Tips for rejuvenating your libido and boosting your sex drive.
It is normal for a woman’s sex drive to change over the years. Emotional and physical changes can make it so your sex drive seems to be in high gear sometimes, and barely there at other times. If you have been noticing that your sex drive just isn’t what it used to be, there are many ways you can do something about it.
Reasons for Loss of Sex Drive
A woman’s sex drive is complex. It is affected by physical and hormonal changes in the body, and as well as by the flood of different emotions that hormones can elicit. As women get older and hormones start to dwindle, many can find themselves “not in the mood” for sex in the way they may have been in the past. And even when they are in the mood, changes in their body can result in vaginal dryness and pain during sex, which can make the thought of sex unappealing.
“The libido response in women is such a complex problem. If women are unhappy in a relationship, it can affect libido. If it hurts, it can affect libido. If she doesn’t feel good about herself, it can affect libido. It’s hard to tease all of those factors out,” says Judi Chervenak, MD, a reproductive endocrinologist at Montefiore Medical Center in New York City.
And with the hormonal changes that occur around the time of menopause, women tend to have less vaginal lubrication as they get older. This change can make having sex more uncomfortable, having the additional side effect of a reduced sex drive.
How to Energize Your Sex Drive
So while there might be many causes of a reduced sex drive, there are techniques you can call on that can help boost your sex drive. These include:
- Using lubrication to ease vaginal dryness and to help make intercourse more enjoyable if you are experiencing symptoms of discomfort.
- Exercising. Regular physical activity can boost feel-good endorphins and can also improve your body image, making you feel sexier and giving your libido a healthy boost. In addition, Kegel exercises (exercises done to tighten the pelvic muscles) can work to enhance sexual sensations and help boost desire.
- Communicating with your partner. Opening the lines of communication with your partner can help you feel more connected, and more inclined for romance. If relationship problems are spilling over into your sex life, this may be a good time to talk with a neutral third party (such as a therapist or counselor) to work on correcting any underlying issues you and your partner may be having.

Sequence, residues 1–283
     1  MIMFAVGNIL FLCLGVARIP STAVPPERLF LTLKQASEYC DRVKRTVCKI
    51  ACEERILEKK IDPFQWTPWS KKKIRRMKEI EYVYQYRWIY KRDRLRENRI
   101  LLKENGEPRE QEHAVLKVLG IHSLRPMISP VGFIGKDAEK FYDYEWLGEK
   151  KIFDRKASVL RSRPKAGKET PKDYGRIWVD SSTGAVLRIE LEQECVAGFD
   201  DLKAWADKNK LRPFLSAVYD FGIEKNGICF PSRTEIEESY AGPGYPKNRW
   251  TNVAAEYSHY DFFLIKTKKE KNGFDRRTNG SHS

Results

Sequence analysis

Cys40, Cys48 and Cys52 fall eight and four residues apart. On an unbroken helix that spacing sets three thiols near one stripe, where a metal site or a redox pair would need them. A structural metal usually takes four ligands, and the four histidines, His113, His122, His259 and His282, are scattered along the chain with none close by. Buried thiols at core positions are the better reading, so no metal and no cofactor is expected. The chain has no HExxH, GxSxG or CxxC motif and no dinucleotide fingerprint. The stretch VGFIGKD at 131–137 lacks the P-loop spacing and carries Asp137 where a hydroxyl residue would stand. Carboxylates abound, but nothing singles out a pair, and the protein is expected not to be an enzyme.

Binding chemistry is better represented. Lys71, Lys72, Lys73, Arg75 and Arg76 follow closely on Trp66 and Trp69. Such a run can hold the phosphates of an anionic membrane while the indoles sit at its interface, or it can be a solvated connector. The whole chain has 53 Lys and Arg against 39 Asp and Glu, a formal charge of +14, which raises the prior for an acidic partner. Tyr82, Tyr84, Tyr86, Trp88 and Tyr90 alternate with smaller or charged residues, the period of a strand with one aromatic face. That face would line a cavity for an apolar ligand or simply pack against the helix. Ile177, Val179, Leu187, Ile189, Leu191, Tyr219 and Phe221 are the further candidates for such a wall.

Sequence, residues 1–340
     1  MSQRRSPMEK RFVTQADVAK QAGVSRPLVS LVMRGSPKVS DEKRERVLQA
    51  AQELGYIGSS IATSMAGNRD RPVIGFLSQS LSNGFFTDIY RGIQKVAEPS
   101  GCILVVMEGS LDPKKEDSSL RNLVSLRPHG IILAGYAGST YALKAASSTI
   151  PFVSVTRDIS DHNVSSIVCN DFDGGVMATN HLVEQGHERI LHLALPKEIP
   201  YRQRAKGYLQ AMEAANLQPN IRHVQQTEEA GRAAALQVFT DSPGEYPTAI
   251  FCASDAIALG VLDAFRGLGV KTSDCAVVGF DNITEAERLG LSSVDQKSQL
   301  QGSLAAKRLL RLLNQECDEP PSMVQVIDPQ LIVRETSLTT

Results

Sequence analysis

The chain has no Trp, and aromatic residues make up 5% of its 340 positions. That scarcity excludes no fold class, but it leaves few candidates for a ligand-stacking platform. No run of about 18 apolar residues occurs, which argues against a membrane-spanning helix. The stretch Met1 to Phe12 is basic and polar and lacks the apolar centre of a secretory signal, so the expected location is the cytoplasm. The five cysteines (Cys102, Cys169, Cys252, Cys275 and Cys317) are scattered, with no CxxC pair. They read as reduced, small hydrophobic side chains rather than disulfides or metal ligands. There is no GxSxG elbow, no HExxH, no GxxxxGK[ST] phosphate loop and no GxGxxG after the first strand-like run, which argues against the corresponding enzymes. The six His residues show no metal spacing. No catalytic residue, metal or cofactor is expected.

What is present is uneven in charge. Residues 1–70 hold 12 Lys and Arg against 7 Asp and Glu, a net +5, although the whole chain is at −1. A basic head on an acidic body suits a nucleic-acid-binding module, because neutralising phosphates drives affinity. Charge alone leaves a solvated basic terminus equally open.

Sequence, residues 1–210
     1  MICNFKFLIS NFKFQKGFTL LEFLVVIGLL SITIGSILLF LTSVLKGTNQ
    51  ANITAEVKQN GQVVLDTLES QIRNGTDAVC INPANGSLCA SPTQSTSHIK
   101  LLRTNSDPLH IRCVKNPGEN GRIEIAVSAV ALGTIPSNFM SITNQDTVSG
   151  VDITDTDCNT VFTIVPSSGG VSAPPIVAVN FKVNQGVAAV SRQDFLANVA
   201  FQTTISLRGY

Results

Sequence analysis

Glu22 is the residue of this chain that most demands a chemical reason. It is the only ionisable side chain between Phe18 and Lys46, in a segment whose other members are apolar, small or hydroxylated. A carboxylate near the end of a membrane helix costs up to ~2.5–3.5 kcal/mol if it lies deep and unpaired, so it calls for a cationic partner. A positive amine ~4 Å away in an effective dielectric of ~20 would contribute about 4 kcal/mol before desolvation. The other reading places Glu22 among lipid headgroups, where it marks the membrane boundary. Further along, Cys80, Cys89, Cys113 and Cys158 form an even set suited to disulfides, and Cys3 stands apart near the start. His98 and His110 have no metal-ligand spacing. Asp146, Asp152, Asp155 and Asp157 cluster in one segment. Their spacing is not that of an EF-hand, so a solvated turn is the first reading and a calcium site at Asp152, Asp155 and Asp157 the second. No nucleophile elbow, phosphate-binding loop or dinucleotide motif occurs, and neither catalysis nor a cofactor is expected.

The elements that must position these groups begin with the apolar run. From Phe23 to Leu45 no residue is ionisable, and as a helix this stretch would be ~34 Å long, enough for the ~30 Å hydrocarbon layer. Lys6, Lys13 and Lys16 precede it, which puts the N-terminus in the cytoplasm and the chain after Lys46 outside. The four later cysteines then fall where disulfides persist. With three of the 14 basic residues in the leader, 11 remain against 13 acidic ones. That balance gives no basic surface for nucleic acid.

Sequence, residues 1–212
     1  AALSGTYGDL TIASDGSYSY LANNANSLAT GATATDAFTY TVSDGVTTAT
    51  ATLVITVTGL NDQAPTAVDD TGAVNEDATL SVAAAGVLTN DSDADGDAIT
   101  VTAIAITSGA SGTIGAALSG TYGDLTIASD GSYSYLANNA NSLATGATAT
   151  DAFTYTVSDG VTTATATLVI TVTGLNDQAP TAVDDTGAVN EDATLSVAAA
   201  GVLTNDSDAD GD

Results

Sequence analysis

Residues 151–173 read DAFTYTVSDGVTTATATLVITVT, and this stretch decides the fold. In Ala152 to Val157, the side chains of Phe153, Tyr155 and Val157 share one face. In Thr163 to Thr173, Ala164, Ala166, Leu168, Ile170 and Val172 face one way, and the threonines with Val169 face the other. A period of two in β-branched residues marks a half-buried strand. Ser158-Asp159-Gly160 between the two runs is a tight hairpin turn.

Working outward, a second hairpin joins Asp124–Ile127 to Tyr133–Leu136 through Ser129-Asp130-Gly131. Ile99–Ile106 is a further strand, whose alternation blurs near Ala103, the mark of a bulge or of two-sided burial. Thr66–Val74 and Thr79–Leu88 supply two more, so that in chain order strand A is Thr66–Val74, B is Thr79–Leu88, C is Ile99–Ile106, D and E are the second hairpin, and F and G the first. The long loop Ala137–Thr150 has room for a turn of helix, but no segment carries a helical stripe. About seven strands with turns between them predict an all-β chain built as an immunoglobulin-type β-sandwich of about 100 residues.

- Aphrodisiacs. While there is no real science backing this up, a romantic evening featuring some well-known aphrodisiac culinary delights might do the trick. A little champagne, some oysters, some dark chocolate — who knows where it will lead? Other therapies marketed as aphrodisiacs, including various herbs and supplements, do not have any science behind them and also may be risky, depending on what the product is and your medical history. Talk to your doctor before trying any of these.
- Medications for Boosting the Female Sex Drive
While women have not traditionally had as many treatment options for low sex drive as men, researchers are studying medications that may enhance women’s libidos. A recent Australian study highlighted in the New England Journal of Medicine found that a testosterone patch may significantly improve a woman’s sexual satisfaction. However, since the patch was associated with a possible increase in the risk of breast cancer, more research will be needed before this therapy can be released to the American public. Still, the potential benefits identified in this study are exciting news for women struggling with their sex drive.
“This is the first study to show that when used alone, testosterone administered by a skin patch significantly improves sexual well-being in postmenopausal women,” said the study’s lead author, Susan R. Davis, MD, a professor of women’s health at Monash University in Australia. The patch is currently available in Europe to treat loss of sexual desire in women, but it has not yet been approved by the U.S. Food and Drug Administration (FDA).
Another study in the Journal of the American Medical Association (JAMA) found that use of sildenafil (Viagra) improved sexual function in women taking antidepressant medication (a class of medication well-known for sexual side effects, such as reduced sex drive). More research is needed to know for sure what effect Viagra and other medications like it might have on the female libido.
Bottom Line on Boosting Your Sex Drive
If you have experienced a decrease in your sex drive, talk with your doctor. He or she will review your medical history, give you a physical exam, and discuss any concerns with you. It may be that a medication or undiagnosed medical problem is to blame for your low sex drive. If that is the case, an alternative medication or treatment of the problem may do the trick. For women who have gone through menopause, hormonal therapies can sometimes help with vaginal dryness and lack of desire. And if there is no physical cause for your decreased sex drive, your doctor may be able to recommend a qualified sex therapist.
The most important point to remember is that there’s no need to be embarrassed or ashamed if you suffer from low sex drive. A healthy sex life is part of a healthy life in general. If your sex drive is faltering, speak up. Help is available.